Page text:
(photo credit: Abbas Moumani/Reuters)
On December 8, 1987, what may have been the most consequential traffic accident in both Israeli and Palestinian history took place near the Jabalya refugee camp in the northern Gaza Strip. The accident became the catalyst for the First Initifada, which over six years altered the world’s perception of the Palestinian-Israeli conflict and eventually led to the Oslo Accords, kicking off the past 18 years of peacemaking.
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Coming at a time of increased tensions and resentment, many Palestinians believed the deadly collision was no accident, instead assuming it came as retaliation for the stabbing of an Israeli man in Gaza two days earlier. Twenty years after Israel conquered the West Bank and Gaza Strip, quick and constantly sprouting settlements in the territories, economic disparity and dependence, daily friction with the IDF and its military administration, and lingering hostility and resentment toward the establishment of the Jewish state all came together as a cacophony of justifications used by the Palestinians for their first post-1948 wide-spread uprising.
Almost immediately after the first riots broke out in the Jabalya refugee camp on December 8, angry popular protests spread through the coastal strip and to the West Bank, fueled in part by Israel’s iron-fisted response. Internationally broadcast images of IDF soldiers using live fire against Palestinian stone-throwers and over 15 resultant deaths in those first weeks also quickly led to world condemnation, and soon thereafter, a United Nations Security Council resolution condemning Israel.
Images played an important role in building international perceptions of asymmetry in the early weeks and months of the Intifada, most commonly portrayed as unarmed Palestinians facing off against Israeli soldiers. One particularly damaging video, shot by a CBS camera crew in early 1988, showed the brutal beating of two Palestinian teenagers at the hands of IDF soldiers. Only three months into the Intifada, Arabic for “uprising” or “shaking off,” Israel’s international image as an underdog – the result of unlikely victories in the 1948 and 1967 wars – had been reversed, with the Palestinians slowly assuming the role.
One year after the tragic accident outside Jabalya, over 300 Palestinians had been killed, between 3,000 and 20,000 wounded (IDF and UNWRA figures, respectively), and some 5,500 detained by Israel, according to a Jerusalem Post report at the time. But the uprising was also becoming more organized and violence on the Palestinian side more intense, although never reaching the scale witnessed ten years later in the Al-Aksa Intifada. That first year, eight Israelis were killed, including six civilians.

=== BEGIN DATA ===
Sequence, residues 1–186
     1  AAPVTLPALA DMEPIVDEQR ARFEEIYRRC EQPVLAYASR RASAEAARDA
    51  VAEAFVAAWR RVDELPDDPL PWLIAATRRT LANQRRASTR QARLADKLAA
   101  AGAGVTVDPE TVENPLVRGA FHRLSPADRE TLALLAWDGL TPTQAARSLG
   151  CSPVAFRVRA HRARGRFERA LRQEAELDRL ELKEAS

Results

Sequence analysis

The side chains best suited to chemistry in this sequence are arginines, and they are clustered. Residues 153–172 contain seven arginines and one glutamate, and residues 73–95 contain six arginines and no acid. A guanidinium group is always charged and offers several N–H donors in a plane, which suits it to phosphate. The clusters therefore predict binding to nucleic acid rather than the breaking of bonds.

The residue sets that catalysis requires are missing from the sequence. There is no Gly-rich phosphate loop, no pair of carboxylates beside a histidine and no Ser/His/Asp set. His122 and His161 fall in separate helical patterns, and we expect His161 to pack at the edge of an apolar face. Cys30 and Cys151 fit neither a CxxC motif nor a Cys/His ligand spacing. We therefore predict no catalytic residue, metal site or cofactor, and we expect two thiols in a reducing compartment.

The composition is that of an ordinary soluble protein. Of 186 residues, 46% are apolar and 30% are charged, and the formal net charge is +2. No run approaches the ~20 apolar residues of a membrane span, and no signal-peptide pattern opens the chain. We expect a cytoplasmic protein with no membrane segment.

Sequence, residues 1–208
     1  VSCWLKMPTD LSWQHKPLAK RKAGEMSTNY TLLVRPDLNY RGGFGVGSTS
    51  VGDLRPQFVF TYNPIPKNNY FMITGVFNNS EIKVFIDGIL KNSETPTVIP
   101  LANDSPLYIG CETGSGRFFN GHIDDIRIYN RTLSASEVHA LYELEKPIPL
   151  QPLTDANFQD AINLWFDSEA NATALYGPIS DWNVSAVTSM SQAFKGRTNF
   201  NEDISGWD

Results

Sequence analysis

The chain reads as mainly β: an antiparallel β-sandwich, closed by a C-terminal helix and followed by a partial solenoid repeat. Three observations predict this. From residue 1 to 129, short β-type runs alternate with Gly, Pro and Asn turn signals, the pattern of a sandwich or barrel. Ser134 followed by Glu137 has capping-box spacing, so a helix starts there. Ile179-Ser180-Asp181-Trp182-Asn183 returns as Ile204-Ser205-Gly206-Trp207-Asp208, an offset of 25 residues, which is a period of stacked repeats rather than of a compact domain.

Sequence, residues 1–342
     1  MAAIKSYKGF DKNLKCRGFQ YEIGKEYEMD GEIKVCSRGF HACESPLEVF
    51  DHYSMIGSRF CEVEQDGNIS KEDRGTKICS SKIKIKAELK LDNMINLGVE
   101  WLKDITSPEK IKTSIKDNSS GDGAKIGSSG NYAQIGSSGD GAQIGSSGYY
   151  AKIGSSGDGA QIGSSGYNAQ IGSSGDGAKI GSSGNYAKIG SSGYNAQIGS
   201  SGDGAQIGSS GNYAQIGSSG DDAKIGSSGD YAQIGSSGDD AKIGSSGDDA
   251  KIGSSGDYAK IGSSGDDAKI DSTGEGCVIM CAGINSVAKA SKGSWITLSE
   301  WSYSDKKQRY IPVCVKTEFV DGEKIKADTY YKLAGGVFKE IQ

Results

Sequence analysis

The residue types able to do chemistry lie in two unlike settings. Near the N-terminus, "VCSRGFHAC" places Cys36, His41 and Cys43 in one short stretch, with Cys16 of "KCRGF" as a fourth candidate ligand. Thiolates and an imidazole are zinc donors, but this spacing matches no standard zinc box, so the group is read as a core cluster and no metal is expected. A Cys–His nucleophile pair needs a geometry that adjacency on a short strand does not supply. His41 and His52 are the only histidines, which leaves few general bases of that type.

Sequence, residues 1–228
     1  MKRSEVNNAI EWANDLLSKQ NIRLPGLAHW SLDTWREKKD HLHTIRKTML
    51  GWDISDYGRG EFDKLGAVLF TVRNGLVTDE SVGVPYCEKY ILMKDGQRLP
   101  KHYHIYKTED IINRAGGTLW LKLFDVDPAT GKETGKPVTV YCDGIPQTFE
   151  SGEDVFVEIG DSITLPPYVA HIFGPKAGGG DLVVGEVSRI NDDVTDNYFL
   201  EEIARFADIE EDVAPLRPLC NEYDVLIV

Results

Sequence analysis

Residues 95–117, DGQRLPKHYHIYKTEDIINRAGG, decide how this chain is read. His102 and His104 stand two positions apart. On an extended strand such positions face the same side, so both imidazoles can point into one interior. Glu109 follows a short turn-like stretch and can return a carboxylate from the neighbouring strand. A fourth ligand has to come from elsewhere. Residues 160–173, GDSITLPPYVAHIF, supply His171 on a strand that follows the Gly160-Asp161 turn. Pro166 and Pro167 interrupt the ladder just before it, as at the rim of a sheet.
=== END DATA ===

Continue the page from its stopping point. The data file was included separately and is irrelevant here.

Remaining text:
Yasser Arafat’s Fatah party, headquartered in exile in Tunisia at the time, began attempting to take responsibility and a more central role in the unrest, which began spontaneously and without any clear leadership.
The more organized elements included boycotts of Israeli consumer products, mass refusals to pay taxes, general strikes and other forms of civil disobedience. Nonetheless, it was the violence on both sides that ultimately defined the six-year Intifada, both in headlines of the day and the lasting historical narrative.
But there was yet another, more significant consequence of the First Intifada: the birth of the peace process.
In July 1988, as the Intifada was in full swing, King Hussein of Jordan cut all administrative and economic ties with the West Bank, which he had claimed sovereignty over since the 1948 War of Independence. Hussein’s primary motivation was to reduce the demographic majority of Palestinian citizens of the Hashemite Kingdom. But more consequential was that the cancelation of Palestinians’ citizenship laid the groundwork for a true independence movement. Having been stripped of their Jordanian citizenship, Palestinians began demanding a state of their own.
Three years later, eager to build on gains made during the Persian Gulf War and frustrated by the ongoing violence in Israel and the territories, the United States convened the Madrid Conference. Although the conference concluded without many results, Washington did recognized Arafat’s Palestine Liberation Organization (PLO) as the “sole legitimate representative” of the Palestinian people for the first time. The move put pressure on Israel to begin negotiating with the PLO, which it had previously refused to do.
The most significant event in the later years of the Intifada, however,
took place in 1992 when Yitzhak Rabin’s Labor Party won elections,
giving him a mandate to begin political engagement with the PLO. Secret
negotiations with PLO representatives and the signing of the Oslo
Accords in 1993 would ultimately bring an end to the First Intifada as
both Israelis and Palestinians felt hope for the first time in years.
Nonetheless, it was in the final years of the uprising that – despite
initial moves toward peace – the most intense violence took place. In
April 1993, mere months before the Oslo Accords were signed in
Washington, Palestinian terrorists first began carrying out suicide
bombings in Israel. In all, over 100 Israelis were killed by
Palestinians during the First Intifada. On the Palestinian side, over
1,000 were killed by Israel and hundreds more in intra-Palestinian